As online shopping has steadily grown during the past decade, brick and mortar retail businesses have been looking at new ways to address this shift in consumer behavior.

In an attempt to convert some of those “clicks” back to “bricks,” experiential shopping has become the latest trend and marketing technique for traditional retailers. Experiential shopping can take many shapes — a focus on consumer engagement over sales, creating an experience to share with others or offering other services beyond the products sold, to name a few.

But for most small, mom-and-pop businesses, this is simply business as usual, and has been for generations. Small businesses are the original experiential shopping experience. There are no new marketing techniques at play — just an authentic, local and personal shopping experience.

That is why the #ShopSmall movement is so important. It reminds us of the importance of spending our dollars in the establishments that power our economy, benefit our communities and enrich our lives.

Small Business Saturday will celebrate its 10th anniversary on Nov. 30. The movement is set to build on a decade of success and rally even more communities to come together in support of small businesses.

Last year, a record estimated $17.8 billion was spent on Small Business Saturday at independent retailers and restaurants, momentum I urge you to continue by shopping small this holiday season.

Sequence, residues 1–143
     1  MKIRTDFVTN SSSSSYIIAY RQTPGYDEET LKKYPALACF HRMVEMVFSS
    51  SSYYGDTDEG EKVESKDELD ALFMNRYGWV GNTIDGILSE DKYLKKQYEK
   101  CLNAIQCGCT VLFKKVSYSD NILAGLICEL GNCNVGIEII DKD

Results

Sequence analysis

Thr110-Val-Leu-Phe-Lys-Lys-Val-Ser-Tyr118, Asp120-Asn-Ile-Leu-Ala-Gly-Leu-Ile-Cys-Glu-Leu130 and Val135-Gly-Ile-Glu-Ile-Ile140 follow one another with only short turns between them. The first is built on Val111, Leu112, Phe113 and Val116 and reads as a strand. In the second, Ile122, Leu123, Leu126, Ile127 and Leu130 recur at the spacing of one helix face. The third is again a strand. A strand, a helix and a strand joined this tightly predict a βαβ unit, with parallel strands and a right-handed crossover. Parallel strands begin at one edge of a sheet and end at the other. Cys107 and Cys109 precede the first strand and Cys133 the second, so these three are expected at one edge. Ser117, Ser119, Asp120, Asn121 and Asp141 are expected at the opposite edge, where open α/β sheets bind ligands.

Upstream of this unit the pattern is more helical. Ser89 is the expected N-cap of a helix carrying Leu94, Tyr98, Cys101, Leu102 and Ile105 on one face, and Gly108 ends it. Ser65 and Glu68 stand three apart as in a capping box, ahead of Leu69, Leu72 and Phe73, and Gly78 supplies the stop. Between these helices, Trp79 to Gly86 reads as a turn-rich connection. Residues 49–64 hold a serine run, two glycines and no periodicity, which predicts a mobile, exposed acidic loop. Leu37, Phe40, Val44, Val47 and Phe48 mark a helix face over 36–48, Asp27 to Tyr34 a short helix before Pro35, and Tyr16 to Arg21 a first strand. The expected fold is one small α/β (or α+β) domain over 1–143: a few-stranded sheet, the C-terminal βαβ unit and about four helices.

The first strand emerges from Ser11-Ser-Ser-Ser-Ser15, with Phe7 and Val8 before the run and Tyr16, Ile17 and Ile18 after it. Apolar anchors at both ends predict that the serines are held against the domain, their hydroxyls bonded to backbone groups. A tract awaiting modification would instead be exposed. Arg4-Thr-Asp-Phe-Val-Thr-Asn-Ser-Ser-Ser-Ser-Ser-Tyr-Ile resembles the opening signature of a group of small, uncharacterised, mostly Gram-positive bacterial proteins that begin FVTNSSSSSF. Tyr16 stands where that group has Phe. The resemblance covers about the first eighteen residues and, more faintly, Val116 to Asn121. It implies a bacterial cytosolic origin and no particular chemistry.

Supporting Small Business Saturday doesn’t have to be a choice between “clicks” or “bricks” either. More and more small businesses are bringing their local and personal touch to the convenience of online shopping. In fact, 41% of consumers who reported participating in Small Business Saturday last year did so by shopping small online.

There are nearly 378,000 small businesses in Oregon, and more than half of the Oregon workforce either is employed by a small business or owns a small business. Plus, two out of three net new jobs are created by small businesses.

Spending your dollars with a small business this holiday season not only grows the economy, it typically comes with a great story to share: the artist who handcrafted a piece of jewelry, the father and son who decided to take their barbecue rub recipes to market, the corporate professional who got burned out and decided to pursue a passion for pet care — they are the people who naturally create experiential shopping for consumers simply by being themselves.

This year, the SBA Portland District — which serves Oregon and southwest Washington — will participate in Small Business Saturday by doing Main Street business tours with mayors in Lincoln City and Tillamook, connecting businesses with holiday marketing resources, and getting the word out to #ShopSmall. I invite you to join us in participating in Small Business Saturday and create a memorable experiential shopping experience for you and your loved ones this year.

Jeremy Field is the regional administrator for the U.S. Small Business Administration Pacific Northwest Region, which serves Washington, Oregon, Idaho and Alaska. The SBA empowers entrepreneurs and small businesses with resources to start, grow, expand or recover.

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